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  • Dryland Ecohydrology

    Life in dryland savanna ecosystems is reliant on the spatial and temporal distribution of rainfall. In order to understand the impacts of changes in rainfall on woody vegetation patterns, our group has developed a set of modeling approaches that combine existing stochastic soil water balance models with a resource trade-off hypothesis pertaining to the organization of dryland vegetation communities. This framework has provided a mathematically tractable optimization problem which we have applied to southern African savannas, the Rio Salado basin in the US southwest, and a central Kenyan ecosystem.

  • Isotope Hydrology

    Understanding the coupled interactions between hydrology and ecology requires new measurements of environmental process at the landscape level. To this end we are beginning to use stable isotopes of hydrogen and oxygen as a tool for partitioning land surface water vapor fluxes into evaporation and transpiration components. We have recently constructed a new eddy flux tower in Likipia, Kenya which will be outfitted with a laser-based isotope analyzer from Los Gatos Research. This instrument allows continuous δ18O and δ2H measurements (1 Hz) in water vapor. It has great potential to answer both theoretical (e.g., kinetic fractionations in soil evaporation) and practical questions (e.g., the effect of vegetation structure on evaporation/transpiration partition).

NASA Jet Propulsion Lab SURP grant received

PhD student Cynthia Gerlein-Safdi was recently awarded a 1-year award from the NASA Jet Propulsion Lab’s Strategic University Research Partnership program!  These grants provide up to $100,000 for cutting edge earth science research conducted by JPL scientists and their chosen collaborators at one of JPL’s 12 partnering universities.

For this project, Cynthia will be collaborating with David Thompson from JPL. They plan to combine QuikSCAT active microwave remote sensing data with the AVIRIS Next Generation data over California to advance remote sensing of tree canopy water, improving our ability to map ecophysiology, water stress, drought response, and fire risk.

CaylorLab work featured in new short film

Mount Kenya is one of the major water towers in Kenya, but with an increase in population and water demand, the pressure on this scare commodity has been on the rise. Kelly Caylor and PhD student Drew Gower, along with Tom Evans from Indiana University, have been working together on an extensive socio-hydrological research project, in which 752 households were surveyed on water related issues. In parallel, farmer water flows were surveyed weekly for six months, and the pipe networks mapped. The biophysical data was analyzed together with the social data in order to determine the efficiency of the water distribution, and the reasons behind flow variability.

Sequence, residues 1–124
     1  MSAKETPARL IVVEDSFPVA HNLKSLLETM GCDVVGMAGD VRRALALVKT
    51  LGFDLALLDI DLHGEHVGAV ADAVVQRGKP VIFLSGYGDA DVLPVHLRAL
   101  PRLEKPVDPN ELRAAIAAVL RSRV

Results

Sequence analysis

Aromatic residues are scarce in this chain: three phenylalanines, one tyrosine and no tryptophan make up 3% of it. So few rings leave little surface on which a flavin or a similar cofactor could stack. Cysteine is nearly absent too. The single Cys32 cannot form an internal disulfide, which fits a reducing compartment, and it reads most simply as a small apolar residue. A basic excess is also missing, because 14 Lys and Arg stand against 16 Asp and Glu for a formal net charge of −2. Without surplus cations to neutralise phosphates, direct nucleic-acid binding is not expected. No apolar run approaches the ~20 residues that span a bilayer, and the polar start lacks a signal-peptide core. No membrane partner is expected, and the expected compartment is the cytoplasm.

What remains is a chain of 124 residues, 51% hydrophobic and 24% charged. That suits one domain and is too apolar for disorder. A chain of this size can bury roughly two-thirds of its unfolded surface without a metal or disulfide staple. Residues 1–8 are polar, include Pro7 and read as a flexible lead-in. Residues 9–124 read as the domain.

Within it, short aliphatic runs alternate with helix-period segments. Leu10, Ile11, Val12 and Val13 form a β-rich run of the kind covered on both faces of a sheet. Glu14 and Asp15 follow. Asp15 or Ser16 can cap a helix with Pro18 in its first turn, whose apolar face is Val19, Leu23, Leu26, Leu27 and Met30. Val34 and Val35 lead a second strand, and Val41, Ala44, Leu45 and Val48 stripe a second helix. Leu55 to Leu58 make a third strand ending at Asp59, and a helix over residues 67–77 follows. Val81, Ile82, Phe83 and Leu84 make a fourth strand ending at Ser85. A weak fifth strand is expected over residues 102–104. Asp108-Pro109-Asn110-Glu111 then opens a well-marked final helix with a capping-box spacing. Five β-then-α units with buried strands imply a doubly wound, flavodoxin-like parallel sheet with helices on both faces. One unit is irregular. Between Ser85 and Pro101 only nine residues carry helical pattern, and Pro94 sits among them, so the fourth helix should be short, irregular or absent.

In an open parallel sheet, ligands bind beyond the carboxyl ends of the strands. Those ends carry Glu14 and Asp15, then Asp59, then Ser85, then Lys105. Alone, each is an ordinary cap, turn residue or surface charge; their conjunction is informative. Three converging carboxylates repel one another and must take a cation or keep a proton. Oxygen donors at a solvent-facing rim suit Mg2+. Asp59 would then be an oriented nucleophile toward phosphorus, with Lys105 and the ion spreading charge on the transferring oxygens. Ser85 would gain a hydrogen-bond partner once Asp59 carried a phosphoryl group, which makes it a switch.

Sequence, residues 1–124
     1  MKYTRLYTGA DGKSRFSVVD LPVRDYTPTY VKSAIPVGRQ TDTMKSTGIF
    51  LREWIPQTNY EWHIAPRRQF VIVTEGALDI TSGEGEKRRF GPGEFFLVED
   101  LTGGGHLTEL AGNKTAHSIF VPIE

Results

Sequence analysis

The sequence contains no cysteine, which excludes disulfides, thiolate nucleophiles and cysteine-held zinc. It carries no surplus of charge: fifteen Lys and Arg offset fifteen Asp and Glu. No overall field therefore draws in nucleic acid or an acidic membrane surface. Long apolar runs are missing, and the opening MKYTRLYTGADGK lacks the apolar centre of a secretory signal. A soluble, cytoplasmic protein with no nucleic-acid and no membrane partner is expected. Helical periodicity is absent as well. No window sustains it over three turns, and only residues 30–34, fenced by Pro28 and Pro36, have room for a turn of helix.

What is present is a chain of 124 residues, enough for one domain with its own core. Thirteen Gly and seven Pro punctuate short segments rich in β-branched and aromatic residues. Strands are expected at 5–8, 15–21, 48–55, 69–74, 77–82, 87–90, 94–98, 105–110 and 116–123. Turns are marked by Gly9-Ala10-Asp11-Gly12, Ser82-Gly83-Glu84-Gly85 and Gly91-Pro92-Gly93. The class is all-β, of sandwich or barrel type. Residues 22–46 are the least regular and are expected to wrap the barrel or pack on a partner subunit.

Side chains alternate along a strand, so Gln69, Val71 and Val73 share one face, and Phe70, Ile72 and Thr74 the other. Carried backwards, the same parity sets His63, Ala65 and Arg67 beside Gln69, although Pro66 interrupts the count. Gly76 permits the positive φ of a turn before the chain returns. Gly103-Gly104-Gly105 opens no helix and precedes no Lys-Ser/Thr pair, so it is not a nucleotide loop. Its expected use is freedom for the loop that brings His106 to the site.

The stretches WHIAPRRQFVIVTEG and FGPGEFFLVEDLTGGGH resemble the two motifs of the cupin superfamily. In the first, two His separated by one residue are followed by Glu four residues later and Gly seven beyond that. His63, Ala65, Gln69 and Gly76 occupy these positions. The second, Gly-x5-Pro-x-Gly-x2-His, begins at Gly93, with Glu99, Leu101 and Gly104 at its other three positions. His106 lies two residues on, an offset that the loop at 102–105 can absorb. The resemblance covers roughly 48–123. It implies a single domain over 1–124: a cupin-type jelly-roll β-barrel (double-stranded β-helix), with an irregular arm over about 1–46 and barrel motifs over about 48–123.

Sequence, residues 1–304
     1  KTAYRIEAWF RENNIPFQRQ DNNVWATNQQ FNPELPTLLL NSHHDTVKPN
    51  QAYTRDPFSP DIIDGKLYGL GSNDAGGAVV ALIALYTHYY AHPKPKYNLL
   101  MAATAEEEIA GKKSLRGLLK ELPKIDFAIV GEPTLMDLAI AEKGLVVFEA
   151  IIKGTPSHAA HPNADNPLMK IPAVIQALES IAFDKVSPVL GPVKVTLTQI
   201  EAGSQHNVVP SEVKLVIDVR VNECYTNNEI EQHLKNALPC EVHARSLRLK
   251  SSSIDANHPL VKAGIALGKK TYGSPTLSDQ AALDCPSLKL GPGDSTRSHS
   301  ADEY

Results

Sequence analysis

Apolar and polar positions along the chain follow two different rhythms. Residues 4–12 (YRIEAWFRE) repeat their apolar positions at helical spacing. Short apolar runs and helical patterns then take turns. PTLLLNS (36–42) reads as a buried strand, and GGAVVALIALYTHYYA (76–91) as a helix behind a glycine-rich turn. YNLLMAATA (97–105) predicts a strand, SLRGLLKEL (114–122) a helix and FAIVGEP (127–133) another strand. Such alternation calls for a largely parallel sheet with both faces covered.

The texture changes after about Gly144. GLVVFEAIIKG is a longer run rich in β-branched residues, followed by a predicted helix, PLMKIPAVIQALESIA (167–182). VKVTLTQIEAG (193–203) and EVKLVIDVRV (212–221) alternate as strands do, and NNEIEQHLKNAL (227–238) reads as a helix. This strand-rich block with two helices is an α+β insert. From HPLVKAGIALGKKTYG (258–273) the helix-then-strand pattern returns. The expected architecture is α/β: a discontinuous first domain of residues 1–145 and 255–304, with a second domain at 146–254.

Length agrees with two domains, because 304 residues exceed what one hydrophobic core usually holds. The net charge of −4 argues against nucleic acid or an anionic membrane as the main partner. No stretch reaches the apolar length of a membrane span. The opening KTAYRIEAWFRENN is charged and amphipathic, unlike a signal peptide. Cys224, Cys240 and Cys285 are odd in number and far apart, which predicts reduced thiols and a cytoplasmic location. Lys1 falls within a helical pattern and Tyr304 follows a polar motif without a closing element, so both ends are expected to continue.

To learn more about the project, check out Matteo Dell’Angelo‘s short film below, and read the full-length article in National Geographic HERE.

Cynthia Gerlein-Safdi receives Mary and Randall Hack ‘69 Graduate Award

Cynthia Gerlein-Safdi just got awarded the Mary and Randall Hack ‘69 Graduate Award by the Princeton Environmental Institute. The Mary and Randall Hack ’69 Award provides research funding to support Princeton University graduate students pursuing innovative research on water and water-related topics with implications for the environment. Cynthia is planning on using the award for her project mapping dew formation in tropical forests using the QuikSCAT satellite.

See the PEI announcement HERE.

Frances O’Donnell starting as assistant professor at Auburn University

Caylor Lab alumni Frances O’Donnell will be starting this fall as an assistant professor of hydrologic engineering in the Department of Civil Engineering at Auburn University.  Her position is part of the Climate, Human and Earth System Sciences (CHESS) cluster hire, which facilitates an interdisciplinary, systems approach to understanding, predicting, and reacting to changes in coupled human-earth systems across multi-scales from local to global.  She says she is looking forward to bringing the experience she gained as a postdoc at NAU in studying the eco- and sociohydrology of managed, fire-adapted forests to new challenges in the Southeast.  She is joining fellow Princeton CEE alum Lauren Beckingham on the Auburn CE faculty.

Congrats Frances!

New “Campus as a Lab” project

Kelly Caylor, and Forrest Meggers, assistant professor of architecture and the Andlinger Center for Energy and the Environment, just got selected for a new “Campus as a Lab” project. Their plan is to design and deploy a network of sensors throughout campus to understand the dynamic interplay between indoor and outdoor environments, and to use the information to improve building design.

The Innovation Fund for the Campus as a Lab is co-sponsored with the Andlinger Center for Energy and the Environment, the Princeton Environmental Institute, the Office of the Dean of the College, and the High Meadows Foundation Sustainability Fund.

See the official announcement HERE.